Muse of one of the most controversial works in history may have been identified

Just imagine the scandal that the picture you might see sooner did not cause! Created in the mid-19th century by the French painter Gustave Courbet, the work - dubbed L'Origine du monde or The Origin of the World in free translation - not only shows a naked woman in an insinuating pose, which in itself would be something quite controversial at the time, as it consists of a close-up of its inner parts.

The model's face is not visible in the painting, nor is her legs or arms - and the artist has never revealed the bold woman's identity, an omission that obviously sparked decades and decades of debate between scholars and experts (curious to find out, who, after all, would be the owner of the "parakeet").

For, according to Bernadette Deron of All That Is Interesting, historian Claude Schopp - a renowned expert on the famous French novelist Alexandre Dumas - believes he has finally solved the mystery of who landed for Courbet. Check out the "controversial" table below:

Look at the infamous - on display at the Musée d'Orsay in Paris (All That Is Interesting / Cesar Lucas Abreu / Cover / Getty Images)


A curiosity involving the enigmatic genitalia is that, for years, the guys investigating the painting pointed as a possible candidate for Irish Joanna Hifferman, model who, besides posing for Courbet on several occasions, was also his lover. However, the problem with this particular suspicion is that Joanna was a redhead, and as we can clearly see from the picture, this is not the case with the person pictured. Check out a portrait of the model:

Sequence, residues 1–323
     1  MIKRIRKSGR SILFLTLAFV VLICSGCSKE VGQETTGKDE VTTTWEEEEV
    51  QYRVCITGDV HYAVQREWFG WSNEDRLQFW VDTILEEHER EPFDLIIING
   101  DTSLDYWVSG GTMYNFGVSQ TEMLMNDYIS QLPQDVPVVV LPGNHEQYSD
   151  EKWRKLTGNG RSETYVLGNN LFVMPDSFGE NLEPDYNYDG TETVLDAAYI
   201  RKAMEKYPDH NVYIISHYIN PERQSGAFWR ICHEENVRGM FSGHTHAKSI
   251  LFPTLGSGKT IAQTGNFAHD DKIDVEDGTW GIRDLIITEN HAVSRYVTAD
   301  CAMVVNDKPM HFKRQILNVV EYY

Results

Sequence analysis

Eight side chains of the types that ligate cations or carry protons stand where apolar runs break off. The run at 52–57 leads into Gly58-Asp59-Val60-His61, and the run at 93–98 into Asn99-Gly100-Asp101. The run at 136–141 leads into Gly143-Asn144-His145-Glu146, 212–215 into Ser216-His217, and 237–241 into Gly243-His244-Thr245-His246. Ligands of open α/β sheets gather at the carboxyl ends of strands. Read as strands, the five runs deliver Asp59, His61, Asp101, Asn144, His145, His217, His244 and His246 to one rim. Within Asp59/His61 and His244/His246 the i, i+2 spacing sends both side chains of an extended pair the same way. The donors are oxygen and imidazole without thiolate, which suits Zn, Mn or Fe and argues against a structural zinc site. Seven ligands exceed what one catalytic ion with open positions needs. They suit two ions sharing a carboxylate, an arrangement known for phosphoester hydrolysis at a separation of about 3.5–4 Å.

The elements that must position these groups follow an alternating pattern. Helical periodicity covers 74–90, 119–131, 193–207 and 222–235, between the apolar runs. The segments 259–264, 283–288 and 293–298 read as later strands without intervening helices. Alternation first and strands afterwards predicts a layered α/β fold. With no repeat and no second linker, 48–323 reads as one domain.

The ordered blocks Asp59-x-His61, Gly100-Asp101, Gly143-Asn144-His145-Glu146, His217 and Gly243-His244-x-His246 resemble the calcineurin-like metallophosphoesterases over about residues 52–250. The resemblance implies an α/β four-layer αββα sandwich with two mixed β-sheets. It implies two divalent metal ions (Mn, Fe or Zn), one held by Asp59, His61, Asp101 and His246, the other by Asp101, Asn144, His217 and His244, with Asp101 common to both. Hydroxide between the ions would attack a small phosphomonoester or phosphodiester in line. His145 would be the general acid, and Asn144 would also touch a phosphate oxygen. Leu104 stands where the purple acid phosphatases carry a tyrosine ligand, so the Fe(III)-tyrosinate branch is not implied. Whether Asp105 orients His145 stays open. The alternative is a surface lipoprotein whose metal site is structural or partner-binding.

Woman portrait

Joanna Hifferman and her red hair (Wikimedia Commons / Gustave Courbet)

So get out of here, turn around, and behold, Claude says he found evidence that the painting's model was actually a Parisian ballet dancer named Constance Queniaux - the demure-looking girl you can see in the pictures below:

Old woman portrait

Constance Kenya

With regard to such evidence, the painting was allegedly painted at the request of an Ottoman diplomat named Halil Serif Pasha - who would have asked Courbet to paint a nude woman in her "grossest" state - so that the piece would be part of her collection of works. erotic.

It turns out that Queniaux was Pasha's lover - and Claude happened to find a correspondence between Dumas and Amandine Aurore Lucile Dupin - Dudevant's baroness who was also a novelist and wrote under the pseudonym "George Sand" - in which the painting is mentioned and in which It is clear that there was a connection between Kenya and Courbet.

Other historians who have analyzed Claude's claims agree that with the information he has found, there is a very high chance - 99% chance! - that your theory is correct. To close the case completely, only if one of the parties could confirm the discovery, but to do so would have to travel to the past, since all died long ago.


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